The State of Union

Posted by Uli Hesse

Union BerlinGettyImagesUnion Berlin fans show their support for their side against Fortuna Duesseldorf.

On occasion I get messages from people seeking help. For instance, a while back a Chelsea fan called Neil wrote: 'I'm still mulling over which Bundesliga team to follow.' I suggested Schalke because I've found it helpful if the colours of your club at home and your team abroad match. But I think Neil ended up picking Nuremberg.

Anyway, this is not a question exclusive to foreigners. Many German fans also like to have a second club they can support, perhaps in another league or region. There was a time when many Germans had a soft spot for Hamburg, because team captain Uwe Seeler was the most popular footballer throughout the 1960s. In the following decade, of course, almost everybody adopted Borussia Mönchengladbach.

Over the last couple of years, a most unlikely club has become very attractive for quite a large number of fans over here, although they do not necessarily have to be German.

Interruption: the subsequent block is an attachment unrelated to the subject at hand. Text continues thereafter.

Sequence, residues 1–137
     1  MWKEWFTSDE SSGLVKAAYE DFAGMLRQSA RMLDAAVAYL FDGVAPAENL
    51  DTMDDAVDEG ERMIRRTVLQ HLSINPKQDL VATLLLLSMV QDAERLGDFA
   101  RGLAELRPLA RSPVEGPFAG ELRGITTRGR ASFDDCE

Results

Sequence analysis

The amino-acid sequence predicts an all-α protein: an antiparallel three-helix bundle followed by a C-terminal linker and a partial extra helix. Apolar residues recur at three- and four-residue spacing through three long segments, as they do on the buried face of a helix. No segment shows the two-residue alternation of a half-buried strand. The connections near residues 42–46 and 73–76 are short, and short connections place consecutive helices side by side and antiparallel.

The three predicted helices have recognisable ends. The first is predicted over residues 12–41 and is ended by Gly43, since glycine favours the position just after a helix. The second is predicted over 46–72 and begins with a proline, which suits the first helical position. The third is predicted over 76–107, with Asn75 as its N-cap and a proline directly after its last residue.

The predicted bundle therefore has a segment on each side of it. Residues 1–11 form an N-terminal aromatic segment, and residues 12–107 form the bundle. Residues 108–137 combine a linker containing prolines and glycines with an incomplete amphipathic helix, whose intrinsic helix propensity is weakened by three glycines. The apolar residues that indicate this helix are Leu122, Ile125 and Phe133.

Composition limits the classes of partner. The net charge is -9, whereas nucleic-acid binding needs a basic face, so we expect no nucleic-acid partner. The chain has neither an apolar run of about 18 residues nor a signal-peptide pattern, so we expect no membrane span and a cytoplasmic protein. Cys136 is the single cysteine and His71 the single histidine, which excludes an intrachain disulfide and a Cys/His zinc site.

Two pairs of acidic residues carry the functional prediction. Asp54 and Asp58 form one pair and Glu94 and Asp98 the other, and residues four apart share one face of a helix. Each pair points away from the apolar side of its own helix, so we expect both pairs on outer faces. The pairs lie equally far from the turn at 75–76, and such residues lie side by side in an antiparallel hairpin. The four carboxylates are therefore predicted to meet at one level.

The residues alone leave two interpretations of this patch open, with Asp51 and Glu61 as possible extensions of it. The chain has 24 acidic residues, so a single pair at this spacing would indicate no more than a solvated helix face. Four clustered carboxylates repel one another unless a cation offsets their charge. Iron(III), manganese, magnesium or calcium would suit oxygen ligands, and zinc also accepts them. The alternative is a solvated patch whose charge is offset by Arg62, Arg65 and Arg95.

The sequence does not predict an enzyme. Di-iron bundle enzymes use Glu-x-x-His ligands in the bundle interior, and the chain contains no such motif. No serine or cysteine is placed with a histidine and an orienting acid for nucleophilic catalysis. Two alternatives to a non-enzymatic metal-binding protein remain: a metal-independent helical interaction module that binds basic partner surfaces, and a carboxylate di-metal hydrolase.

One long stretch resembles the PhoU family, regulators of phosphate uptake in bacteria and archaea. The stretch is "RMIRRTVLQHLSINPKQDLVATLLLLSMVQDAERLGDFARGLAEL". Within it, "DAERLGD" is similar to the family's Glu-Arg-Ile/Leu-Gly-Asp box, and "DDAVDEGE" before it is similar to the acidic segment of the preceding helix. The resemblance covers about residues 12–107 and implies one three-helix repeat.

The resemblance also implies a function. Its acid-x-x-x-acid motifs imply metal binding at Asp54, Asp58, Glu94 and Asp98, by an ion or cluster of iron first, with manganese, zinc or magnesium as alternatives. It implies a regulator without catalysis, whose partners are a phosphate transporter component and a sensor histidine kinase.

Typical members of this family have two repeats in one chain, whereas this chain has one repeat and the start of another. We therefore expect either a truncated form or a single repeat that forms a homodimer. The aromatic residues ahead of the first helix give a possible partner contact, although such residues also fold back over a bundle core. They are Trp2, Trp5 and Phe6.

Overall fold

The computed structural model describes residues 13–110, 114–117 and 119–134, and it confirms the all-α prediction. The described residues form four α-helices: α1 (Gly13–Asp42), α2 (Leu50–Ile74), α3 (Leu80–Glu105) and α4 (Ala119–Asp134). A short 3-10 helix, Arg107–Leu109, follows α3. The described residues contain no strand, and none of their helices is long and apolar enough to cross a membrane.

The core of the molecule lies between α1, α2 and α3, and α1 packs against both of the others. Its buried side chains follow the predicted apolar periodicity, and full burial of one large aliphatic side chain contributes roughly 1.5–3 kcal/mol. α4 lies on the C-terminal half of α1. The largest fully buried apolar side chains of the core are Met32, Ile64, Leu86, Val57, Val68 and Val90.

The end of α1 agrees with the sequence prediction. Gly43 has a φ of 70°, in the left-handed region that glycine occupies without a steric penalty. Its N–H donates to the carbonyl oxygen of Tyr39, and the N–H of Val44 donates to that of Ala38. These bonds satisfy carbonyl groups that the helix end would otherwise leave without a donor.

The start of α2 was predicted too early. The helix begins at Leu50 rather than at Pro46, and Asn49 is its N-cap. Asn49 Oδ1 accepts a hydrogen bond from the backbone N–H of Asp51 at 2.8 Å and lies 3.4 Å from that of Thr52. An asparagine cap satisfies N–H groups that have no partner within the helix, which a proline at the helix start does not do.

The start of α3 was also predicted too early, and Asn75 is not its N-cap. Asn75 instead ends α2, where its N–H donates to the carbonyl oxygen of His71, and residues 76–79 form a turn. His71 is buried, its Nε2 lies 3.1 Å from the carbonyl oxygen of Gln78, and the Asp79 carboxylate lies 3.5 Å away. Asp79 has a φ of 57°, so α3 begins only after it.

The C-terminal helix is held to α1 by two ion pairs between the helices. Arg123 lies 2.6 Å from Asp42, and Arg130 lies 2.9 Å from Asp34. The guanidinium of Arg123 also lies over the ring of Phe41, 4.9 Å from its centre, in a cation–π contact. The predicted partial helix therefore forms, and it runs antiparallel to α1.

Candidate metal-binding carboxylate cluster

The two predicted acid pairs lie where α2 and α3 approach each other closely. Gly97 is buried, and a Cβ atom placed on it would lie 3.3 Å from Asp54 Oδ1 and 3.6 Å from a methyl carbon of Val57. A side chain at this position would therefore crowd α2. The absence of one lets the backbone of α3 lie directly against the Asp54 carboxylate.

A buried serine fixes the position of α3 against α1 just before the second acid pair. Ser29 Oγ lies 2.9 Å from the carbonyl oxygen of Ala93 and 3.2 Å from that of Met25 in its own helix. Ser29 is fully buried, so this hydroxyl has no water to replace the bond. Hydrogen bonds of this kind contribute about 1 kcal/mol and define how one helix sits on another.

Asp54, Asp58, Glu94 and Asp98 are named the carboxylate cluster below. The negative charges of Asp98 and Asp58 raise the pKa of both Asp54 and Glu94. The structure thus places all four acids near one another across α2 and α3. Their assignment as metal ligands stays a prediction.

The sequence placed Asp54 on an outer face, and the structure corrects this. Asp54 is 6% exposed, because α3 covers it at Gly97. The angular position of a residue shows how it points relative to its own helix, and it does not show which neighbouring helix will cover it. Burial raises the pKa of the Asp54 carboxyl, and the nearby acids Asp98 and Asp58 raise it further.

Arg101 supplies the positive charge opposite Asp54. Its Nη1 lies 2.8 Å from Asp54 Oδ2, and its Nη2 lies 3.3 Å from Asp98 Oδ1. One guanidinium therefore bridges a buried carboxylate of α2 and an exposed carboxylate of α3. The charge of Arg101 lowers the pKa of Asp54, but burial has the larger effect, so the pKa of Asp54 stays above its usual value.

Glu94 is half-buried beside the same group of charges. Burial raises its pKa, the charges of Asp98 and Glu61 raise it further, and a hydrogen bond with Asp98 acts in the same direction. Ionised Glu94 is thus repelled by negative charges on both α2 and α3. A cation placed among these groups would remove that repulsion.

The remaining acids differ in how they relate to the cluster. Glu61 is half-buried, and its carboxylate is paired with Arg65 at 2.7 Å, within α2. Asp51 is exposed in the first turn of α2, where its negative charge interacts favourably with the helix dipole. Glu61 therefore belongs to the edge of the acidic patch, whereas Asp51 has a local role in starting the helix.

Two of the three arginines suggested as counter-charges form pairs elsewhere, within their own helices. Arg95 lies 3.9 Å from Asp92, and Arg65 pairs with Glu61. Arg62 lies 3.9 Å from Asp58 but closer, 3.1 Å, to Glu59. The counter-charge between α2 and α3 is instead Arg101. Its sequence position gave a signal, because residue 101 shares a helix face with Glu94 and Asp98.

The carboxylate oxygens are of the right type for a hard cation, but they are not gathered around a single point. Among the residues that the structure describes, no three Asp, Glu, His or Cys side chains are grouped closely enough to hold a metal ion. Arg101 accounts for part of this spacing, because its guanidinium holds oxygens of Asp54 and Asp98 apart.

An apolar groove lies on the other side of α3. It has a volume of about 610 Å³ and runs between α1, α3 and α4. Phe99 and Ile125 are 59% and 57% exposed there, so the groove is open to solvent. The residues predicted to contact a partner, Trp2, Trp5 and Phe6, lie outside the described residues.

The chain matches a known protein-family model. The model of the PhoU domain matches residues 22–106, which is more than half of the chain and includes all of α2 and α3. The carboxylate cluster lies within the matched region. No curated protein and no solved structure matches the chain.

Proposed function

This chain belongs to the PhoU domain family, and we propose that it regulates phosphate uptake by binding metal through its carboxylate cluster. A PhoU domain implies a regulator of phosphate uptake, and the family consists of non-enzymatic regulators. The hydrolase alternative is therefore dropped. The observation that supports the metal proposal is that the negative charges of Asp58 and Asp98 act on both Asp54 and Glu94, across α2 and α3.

"The weird thing about Union Berlin is that they have become fashionable," says Jacob Sweetman, a Briton who lives in the German capital. "They should be the most unfashionable football club in the universe. They represent that old-fashioned, working-class eastern side of the city. They also represent the borough of Köpenick. It's a weird place, the old town that got the story of the Hauptmann von Köpenick [a famous impostor], which is the only reason anyone's ever heard of Köpenick in the first place. Union are sort of stuck out in a forest and particular the older fans do represent that."